Cough

Updated 14 February 2013

Technique IDs deadliest whooping cough cases

Taking early and repeated white blood cell counts is vital in diagnosing whooping cough (pertussis) in infants and identifying which of them have the highest risk of dying from the respiratory infection, according to a new study.

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Taking early and repeated white blood cell counts is vital in diagnosing whooping cough (pertussis) in infants and identifying which of them have the highest risk of dying from the respiratory infection, according to a new study.

Researchers examined the medical records of 31 infants admitted to five paediatric intensive-care units in California between September 2009 and June 2011. In 2010, California had its highest pertussis rate in 60 years.

How the study was done

The study, which was published online Jan. 10 and in the March print issue of the Journal of the Pediatric Infectious Diseases Society, found that the eight infants with more severe pertussis had higher white blood cell counts and were more likely to show at least a 50%  increase in white blood cells. They had median peak white blood cell counts of about 74 000, compared with about 24 000 among infants with less severe pertussis.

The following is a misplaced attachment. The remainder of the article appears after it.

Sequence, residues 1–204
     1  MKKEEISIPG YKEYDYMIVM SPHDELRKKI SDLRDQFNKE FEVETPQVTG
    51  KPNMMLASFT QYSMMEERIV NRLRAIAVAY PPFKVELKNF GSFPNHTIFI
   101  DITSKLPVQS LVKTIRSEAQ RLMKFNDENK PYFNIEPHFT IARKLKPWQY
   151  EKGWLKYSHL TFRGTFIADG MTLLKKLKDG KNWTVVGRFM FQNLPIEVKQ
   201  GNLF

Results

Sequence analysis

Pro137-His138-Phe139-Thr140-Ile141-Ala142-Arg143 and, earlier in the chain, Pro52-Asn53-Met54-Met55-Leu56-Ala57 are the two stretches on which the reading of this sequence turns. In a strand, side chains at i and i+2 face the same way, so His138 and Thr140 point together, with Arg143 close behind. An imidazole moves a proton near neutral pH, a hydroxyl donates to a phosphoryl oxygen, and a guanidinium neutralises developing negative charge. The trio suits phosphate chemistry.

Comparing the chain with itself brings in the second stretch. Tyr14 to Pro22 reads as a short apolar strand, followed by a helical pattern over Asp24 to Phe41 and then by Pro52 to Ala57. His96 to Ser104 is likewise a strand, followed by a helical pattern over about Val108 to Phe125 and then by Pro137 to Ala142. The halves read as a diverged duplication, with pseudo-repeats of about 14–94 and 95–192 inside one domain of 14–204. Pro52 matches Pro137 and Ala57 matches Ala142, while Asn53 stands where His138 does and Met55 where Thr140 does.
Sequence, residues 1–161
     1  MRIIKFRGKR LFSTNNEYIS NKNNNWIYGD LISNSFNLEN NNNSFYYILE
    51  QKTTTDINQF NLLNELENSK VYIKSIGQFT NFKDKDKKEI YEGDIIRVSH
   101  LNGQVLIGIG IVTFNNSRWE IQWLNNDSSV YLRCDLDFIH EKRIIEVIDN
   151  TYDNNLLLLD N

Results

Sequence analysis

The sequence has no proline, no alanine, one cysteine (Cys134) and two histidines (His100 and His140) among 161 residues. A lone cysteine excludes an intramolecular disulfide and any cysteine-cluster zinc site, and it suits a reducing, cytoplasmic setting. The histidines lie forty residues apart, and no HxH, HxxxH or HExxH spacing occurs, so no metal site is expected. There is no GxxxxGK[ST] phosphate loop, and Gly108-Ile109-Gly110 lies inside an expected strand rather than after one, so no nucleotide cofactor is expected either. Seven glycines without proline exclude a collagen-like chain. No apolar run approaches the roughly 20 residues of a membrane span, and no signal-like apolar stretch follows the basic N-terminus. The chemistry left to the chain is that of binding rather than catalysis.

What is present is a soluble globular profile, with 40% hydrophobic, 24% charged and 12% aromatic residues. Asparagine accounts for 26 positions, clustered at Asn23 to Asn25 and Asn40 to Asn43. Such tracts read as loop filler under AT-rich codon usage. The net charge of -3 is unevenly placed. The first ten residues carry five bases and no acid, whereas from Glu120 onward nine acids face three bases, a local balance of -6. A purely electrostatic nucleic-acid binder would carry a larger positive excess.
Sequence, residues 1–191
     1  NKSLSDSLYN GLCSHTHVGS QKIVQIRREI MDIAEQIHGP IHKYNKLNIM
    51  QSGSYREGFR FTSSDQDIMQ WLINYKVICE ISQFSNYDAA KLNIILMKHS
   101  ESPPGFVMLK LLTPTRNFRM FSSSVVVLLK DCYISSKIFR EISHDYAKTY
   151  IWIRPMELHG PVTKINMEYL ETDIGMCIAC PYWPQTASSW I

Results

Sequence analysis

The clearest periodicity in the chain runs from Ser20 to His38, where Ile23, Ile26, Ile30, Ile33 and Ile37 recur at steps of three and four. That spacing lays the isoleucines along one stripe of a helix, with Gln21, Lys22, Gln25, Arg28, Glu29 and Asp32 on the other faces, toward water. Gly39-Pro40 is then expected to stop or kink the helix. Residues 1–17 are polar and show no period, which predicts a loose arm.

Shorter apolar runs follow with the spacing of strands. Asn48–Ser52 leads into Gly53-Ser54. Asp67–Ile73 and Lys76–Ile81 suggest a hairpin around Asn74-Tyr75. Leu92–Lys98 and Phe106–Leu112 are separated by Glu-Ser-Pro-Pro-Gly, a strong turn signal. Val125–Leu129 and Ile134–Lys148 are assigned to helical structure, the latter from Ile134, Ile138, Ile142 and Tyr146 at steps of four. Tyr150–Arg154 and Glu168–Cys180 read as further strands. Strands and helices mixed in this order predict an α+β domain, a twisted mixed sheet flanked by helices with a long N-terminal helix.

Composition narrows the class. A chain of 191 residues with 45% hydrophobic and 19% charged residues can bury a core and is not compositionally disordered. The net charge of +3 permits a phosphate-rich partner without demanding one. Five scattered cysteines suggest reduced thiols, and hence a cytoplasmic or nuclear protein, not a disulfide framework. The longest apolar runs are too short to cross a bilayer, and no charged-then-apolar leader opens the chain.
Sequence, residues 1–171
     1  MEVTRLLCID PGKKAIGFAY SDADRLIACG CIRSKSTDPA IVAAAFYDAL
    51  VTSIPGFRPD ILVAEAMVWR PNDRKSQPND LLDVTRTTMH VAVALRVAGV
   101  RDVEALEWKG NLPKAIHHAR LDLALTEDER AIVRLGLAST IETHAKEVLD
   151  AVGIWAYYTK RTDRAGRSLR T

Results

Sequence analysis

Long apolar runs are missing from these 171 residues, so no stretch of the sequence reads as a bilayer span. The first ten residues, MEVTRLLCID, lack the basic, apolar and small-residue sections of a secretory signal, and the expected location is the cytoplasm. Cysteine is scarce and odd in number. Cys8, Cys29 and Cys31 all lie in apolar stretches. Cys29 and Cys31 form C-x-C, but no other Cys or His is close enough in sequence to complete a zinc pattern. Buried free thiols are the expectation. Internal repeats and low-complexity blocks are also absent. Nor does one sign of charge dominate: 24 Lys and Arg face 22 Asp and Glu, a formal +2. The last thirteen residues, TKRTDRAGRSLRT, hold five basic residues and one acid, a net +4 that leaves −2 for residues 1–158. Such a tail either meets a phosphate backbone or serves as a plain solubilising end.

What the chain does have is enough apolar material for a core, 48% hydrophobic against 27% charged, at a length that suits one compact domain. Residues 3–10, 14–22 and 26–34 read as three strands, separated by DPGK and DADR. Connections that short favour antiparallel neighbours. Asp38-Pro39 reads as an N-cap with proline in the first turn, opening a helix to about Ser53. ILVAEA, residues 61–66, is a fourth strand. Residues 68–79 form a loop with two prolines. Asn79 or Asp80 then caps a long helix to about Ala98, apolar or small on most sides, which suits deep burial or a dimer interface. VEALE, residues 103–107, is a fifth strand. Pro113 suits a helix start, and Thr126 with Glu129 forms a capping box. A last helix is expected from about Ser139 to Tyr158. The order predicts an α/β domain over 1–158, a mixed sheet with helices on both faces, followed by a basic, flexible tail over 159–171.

All but one infant with more severe pertussis had at least a 50% increase in white blood cells within 48 hours, while none of the infants with less severe pertussis had more than a 50% increase in white blood cells.

The researchers also found that the infants with more severe pertussis had higher maximum heart and breathing rates and were more likely to develop pneumonia. These conditions occurred earlier in infants with more severe pertussis than in those with less severe disease.

In addition, infants with more severe pertussis were more likely to suffer seizures, shock and kidney failure, and to require a breathing tube. They also were more likely to receive an exchange blood transfusion, in which most of the blood is replaced with fresh blood.

What the study found

Six of the infants received exchange transfusions, and four of them died. The four who died were in shock at the time of the transfusion, while the two who survived were not in shock.

"Because very young infants have not yet been vaccinated and are at the highest risk for severe disease, we need to better manage and treat it," study lead author Erin Murray, an epidemiologist at the California Department of Public Health, said in a journal news release.

"This study shows the importance of aggressive paediatric intensive care and provides us additional metrics as we treat these very young patients," Murray added.

In 2012, pertussis rates in the United States were the highest in 50 years, according to the US Centers for Disease Control and Prevention.

More information

The U.S. Centers for Disease Control and Prevention has more about whooping cough.


(Copyright © 2012 HealthDay. All rights reserved.)

 

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Dr Dave Reece studied at UCT and qualified as a GP in 1974. He has been in practice as a GP since 1977. Dr Reece currently has a general family practice in Goodwood and is a cough expert for Health24.

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